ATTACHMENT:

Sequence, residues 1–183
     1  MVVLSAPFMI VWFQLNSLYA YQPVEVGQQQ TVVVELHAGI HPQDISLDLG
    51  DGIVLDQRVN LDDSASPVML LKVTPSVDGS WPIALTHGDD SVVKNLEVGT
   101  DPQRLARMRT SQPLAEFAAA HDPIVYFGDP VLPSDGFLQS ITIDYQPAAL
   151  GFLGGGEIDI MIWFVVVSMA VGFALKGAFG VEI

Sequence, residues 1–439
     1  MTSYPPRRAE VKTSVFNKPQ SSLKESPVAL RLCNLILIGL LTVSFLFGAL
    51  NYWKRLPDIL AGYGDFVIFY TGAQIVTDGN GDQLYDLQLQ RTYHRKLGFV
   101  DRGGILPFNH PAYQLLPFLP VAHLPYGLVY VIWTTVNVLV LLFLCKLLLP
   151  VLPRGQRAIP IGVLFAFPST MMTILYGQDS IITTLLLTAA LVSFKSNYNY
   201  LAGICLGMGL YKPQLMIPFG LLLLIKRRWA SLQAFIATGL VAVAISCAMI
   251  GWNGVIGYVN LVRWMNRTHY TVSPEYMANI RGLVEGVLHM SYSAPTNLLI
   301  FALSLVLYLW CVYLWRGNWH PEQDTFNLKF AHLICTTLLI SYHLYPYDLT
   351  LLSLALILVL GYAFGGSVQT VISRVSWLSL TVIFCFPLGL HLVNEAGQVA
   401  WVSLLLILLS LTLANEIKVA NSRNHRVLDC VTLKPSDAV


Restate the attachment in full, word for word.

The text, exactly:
Sequence, residues 1–183
     1  MVVLSAPFMI VWFQLNSLYA YQPVEVGQQQ TVVVELHAGI HPQDISLDLG
    51  DGIVLDQRVN LDDSASPVML LKVTPSVDGS WPIALTHGDD SVVKNLEVGT
   101  DPQRLARMRT SQPLAEFAAA HDPIVYFGDP VLPSDGFLQS ITIDYQPAAL
   151  GFLGGGEIDI MIWFVVVSMA VGFALKGAFG VEI

Sequence, residues 1–439
     1  MTSYPPRRAE VKTSVFNKPQ SSLKESPVAL RLCNLILIGL LTVSFLFGAL
    51  NYWKRLPDIL AGYGDFVIFY TGAQIVTDGN GDQLYDLQLQ RTYHRKLGFV
   101  DRGGILPFNH PAYQLLPFLP VAHLPYGLVY VIWTTVNVLV LLFLCKLLLP
   151  VLPRGQRAIP IGVLFAFPST MMTILYGQDS IITTLLLTAA LVSFKSNYNY
   201  LAGICLGMGL YKPQLMIPFG LLLLIKRRWA SLQAFIATGL VAVAISCAMI
   251  GWNGVIGYVN LVRWMNRTHY TVSPEYMANI RGLVEGVLHM SYSAPTNLLI
   301  FALSLVLYLW CVYLWRGNWH PEQDTFNLKF AHLICTTLLI SYHLYPYDLT
   351  LLSLALILVL GYAFGGSVQT VISRVSWLSL TVIFCFPLGL HLVNEAGQVA
   401  WVSLLLILLS LTLANEIKVA NSRNHRVLDC VTLKPSDAV